From a technology standpoint, one piece of hardware Fluence has recently put some investment into is the UltraStack, which is your solution for transmission-level BESS applications. Fluence has some projects in that space, including ‘Grid-Booster’ projects for German transmission system operators (TSOs), but while the company has said it’s a high value application, there are some well-noted barriers to getting those projects going. How do you think that’s evolving?
UltraStack is really aimed at the TSO. They have a very critical reliability job. Because of that, they have a very high standard of performance that they need to get and so you end up looking at things like redundancies, backup controls, multiple points of connection and things like that.
So it is a much higher standard in terms of what they need to do. That asset’s most likely going to be triggered [into action] when they are already having a transmission event. So you’re already in a stressed grid, and then you’re having this is BESS as kind of part of your recovery backup system.
It’s exciting. I think it’s the next [major] application.
When we wrote the original business plan for energy storage that we’ve been following for many, many years, we saw these different applications coming in at different prices at different time points, in part related to comfort and maturity of the industry and in part related to costing.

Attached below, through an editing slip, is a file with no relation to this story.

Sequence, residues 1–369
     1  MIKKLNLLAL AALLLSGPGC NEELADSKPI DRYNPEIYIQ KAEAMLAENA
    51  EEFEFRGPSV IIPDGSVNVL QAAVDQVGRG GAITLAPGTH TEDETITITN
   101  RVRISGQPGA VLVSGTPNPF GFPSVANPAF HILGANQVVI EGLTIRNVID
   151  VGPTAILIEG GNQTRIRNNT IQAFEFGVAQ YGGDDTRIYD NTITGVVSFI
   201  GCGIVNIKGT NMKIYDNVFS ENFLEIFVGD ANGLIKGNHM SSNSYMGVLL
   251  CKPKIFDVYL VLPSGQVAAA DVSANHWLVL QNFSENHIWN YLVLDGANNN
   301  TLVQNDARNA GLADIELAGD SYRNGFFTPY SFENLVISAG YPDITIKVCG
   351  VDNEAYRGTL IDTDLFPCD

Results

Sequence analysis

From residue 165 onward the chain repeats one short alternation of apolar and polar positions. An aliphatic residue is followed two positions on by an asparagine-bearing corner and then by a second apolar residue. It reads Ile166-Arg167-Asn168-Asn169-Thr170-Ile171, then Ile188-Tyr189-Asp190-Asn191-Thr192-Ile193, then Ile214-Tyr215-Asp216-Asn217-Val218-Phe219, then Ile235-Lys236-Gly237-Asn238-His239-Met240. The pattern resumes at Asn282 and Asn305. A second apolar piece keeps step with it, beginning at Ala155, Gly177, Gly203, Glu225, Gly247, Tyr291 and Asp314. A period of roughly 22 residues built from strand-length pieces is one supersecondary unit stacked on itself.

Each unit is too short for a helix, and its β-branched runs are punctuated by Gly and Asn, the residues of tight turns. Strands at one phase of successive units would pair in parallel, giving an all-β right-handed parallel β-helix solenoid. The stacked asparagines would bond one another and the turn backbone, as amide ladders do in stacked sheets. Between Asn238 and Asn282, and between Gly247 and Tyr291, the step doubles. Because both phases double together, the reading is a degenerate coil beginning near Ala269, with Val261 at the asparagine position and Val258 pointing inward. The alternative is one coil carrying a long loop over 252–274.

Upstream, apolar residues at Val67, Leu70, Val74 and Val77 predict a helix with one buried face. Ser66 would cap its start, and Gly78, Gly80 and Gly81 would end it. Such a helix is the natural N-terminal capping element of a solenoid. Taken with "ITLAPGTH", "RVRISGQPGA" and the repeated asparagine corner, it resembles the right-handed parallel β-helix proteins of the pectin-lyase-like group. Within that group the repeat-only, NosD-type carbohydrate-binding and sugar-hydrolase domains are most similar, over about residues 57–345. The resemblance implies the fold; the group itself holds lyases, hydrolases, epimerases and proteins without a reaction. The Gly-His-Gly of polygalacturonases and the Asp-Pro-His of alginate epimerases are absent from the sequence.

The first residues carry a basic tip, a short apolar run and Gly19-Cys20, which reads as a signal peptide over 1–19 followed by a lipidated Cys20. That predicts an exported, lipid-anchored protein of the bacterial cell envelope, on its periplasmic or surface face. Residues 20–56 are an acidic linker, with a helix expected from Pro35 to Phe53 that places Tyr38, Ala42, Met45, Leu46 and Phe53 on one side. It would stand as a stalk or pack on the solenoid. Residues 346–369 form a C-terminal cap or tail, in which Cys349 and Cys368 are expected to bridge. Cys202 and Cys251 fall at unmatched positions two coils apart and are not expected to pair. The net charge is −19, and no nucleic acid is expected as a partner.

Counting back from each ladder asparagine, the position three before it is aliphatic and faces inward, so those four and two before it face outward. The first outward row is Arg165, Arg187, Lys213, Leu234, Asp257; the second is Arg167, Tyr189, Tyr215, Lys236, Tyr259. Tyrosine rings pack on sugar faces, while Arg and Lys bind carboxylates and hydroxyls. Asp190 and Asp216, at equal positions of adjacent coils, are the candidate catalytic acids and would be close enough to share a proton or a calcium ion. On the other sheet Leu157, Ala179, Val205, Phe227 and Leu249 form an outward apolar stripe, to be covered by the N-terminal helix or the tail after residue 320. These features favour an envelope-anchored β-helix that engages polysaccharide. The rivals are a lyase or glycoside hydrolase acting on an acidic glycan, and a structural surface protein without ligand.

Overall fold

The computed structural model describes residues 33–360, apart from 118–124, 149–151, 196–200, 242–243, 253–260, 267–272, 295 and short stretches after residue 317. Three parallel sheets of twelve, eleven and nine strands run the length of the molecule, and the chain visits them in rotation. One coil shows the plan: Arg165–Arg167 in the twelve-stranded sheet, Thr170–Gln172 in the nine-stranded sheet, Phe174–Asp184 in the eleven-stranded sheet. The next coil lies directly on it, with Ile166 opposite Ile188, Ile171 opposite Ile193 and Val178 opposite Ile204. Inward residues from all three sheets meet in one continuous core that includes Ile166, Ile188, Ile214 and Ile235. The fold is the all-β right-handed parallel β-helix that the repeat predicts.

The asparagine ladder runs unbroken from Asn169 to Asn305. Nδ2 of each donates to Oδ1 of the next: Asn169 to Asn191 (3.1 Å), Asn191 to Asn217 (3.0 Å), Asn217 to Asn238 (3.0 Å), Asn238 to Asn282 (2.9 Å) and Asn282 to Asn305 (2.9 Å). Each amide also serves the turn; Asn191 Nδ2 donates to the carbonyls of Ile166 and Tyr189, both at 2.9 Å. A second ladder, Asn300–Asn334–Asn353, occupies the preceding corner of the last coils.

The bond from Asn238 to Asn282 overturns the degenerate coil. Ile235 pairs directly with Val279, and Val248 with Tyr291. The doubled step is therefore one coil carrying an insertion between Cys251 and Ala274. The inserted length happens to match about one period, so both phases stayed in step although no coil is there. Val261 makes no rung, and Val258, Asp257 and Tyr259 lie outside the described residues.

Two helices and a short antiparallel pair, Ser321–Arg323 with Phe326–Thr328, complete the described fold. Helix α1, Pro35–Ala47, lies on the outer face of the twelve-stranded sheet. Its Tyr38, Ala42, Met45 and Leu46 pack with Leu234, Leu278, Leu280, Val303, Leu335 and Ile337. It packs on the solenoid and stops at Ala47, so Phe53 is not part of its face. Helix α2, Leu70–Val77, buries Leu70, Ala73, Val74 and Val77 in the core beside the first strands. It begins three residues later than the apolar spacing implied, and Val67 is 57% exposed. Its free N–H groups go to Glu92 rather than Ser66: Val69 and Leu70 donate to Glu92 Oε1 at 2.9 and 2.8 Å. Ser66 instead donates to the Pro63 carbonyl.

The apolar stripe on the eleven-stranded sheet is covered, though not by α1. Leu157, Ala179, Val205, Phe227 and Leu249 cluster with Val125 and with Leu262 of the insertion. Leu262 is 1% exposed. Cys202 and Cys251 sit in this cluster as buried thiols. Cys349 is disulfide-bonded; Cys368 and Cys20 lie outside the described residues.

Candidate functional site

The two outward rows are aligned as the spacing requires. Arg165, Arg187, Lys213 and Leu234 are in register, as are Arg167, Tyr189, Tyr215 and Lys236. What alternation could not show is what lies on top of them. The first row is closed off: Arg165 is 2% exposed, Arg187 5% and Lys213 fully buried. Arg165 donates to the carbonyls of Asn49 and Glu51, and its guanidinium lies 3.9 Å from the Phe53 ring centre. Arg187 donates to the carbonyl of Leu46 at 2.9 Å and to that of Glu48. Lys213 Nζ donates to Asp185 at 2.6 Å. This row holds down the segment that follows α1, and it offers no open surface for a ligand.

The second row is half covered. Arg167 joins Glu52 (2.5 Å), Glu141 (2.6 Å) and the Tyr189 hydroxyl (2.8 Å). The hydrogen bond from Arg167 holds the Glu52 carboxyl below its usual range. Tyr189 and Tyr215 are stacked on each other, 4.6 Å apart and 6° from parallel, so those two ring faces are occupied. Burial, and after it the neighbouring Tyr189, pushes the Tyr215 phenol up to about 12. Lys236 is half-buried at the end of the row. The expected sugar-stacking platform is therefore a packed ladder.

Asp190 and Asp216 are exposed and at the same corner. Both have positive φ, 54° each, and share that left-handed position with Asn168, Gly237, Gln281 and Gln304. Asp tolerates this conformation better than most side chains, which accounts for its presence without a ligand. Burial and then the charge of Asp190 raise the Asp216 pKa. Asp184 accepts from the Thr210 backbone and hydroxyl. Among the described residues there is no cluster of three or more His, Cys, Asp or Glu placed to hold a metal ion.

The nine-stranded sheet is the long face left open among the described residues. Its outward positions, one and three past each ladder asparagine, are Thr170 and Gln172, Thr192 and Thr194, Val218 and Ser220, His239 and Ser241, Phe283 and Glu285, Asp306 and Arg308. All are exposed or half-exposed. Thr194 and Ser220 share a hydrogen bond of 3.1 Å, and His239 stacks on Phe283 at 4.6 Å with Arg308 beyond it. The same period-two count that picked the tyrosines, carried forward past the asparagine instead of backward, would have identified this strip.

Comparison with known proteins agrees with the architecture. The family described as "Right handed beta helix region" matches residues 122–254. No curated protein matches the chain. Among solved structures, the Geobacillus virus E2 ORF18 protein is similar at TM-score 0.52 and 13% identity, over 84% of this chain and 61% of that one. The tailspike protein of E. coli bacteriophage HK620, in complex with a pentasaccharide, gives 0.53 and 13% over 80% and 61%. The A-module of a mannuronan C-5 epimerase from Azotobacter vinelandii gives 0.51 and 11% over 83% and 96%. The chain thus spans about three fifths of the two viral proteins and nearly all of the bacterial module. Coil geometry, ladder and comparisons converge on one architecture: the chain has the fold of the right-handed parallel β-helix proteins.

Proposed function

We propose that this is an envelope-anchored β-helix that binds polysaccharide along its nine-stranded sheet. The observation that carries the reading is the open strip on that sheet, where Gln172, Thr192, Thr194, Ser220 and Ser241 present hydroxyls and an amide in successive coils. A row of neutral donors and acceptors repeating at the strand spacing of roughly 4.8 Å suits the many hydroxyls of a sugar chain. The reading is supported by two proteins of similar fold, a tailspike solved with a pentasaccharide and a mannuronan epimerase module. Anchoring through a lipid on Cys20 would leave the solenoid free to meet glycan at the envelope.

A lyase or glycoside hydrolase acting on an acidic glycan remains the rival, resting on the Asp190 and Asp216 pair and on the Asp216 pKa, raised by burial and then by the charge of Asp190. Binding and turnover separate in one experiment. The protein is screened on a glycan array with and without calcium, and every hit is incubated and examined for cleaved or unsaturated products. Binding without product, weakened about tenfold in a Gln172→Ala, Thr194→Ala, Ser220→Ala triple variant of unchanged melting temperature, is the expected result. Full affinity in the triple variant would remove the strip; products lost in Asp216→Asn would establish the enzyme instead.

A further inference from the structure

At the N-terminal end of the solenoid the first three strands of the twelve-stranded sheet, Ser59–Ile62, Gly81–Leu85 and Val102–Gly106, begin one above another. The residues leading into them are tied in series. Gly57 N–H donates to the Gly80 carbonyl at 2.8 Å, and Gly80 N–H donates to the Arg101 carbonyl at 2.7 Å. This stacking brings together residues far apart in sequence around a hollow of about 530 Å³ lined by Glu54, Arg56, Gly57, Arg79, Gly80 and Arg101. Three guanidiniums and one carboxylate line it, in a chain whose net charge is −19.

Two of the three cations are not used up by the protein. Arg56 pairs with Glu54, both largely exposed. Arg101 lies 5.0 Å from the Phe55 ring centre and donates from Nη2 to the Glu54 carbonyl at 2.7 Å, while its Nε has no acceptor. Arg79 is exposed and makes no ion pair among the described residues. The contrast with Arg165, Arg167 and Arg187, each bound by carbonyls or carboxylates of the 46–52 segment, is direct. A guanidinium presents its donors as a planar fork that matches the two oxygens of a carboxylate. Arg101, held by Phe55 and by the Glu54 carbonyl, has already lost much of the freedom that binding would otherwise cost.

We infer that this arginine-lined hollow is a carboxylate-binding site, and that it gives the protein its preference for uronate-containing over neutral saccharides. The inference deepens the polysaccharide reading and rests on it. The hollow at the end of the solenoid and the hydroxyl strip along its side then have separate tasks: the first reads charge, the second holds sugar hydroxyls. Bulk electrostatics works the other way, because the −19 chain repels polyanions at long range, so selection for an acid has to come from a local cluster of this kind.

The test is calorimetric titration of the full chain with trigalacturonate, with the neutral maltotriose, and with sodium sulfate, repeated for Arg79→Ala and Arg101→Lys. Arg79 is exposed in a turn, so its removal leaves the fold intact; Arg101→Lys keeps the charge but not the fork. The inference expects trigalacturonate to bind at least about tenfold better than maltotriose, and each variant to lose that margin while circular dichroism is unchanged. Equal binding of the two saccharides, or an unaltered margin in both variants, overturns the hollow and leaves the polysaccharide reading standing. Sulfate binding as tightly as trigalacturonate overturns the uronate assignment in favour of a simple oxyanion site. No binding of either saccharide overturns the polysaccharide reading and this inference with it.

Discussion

We see the transmission and the distribution network is kind of that next frontier that comes down. How do we use batteries in the ‘wires business’ the way we’ve done it on the generation side?
Generally applications lead [the industry] more than technology does. We’re not selling batteries, we’re selling you a solution that does a job in the power system, that’s what the developers looking for.
Obviously, as a publicly listed company, I’m not expecting Fluence to give me an exclusive on this right now, but in terms of the US market, we’ve seen a few non-wires alternatives projects using BESS already. These have tended however to be in the smaller, perhaps 2MW-20MW range, and generally at distribution level. Where and when do you think storage-as-a-transmission-asset will take hold in the US?
I think it’s going to happen, because it’s a fundamental improvement. But it’s a conservative portion of a conservative industry, with a very significant job to do in keeping the energy system reliable.
So they have to really be convinced this is the right alternative. We are talking to a number of players in the US and South America as well about these projects. I think there’s some that we’ll get to the scale of what we’re seeing in Europe over the next year or two.
In some cases, the US did a bunch of things that eventually migrated to Europe and people saw the proof of the point – proof cases of storage – and began to open up markets in the UK, in Germany, and so on.
I think this is a case where Europe is kind of at the forefront of the transmission segment. Okay, there’s some particular challenges they had, And we’ll use those cases to kind of migrate it to the US and South America. So that’s what’s happening now.
We’re not in the same timeline, I think the European projects are going to be first and really show the big proof points, but people are looking at it.
The other side of it is the question of how people go ahead and develop. Right now they’re putting these non-wires alternatives into transmission solicitations as an alternative solution, and some of those are getting evaluated. It takes time to diffuse the idea, [but] we’re excited about it. We’re building the product for it. We’re building the experience now in Europe. So we’ll be ready, as people get ready here in the US.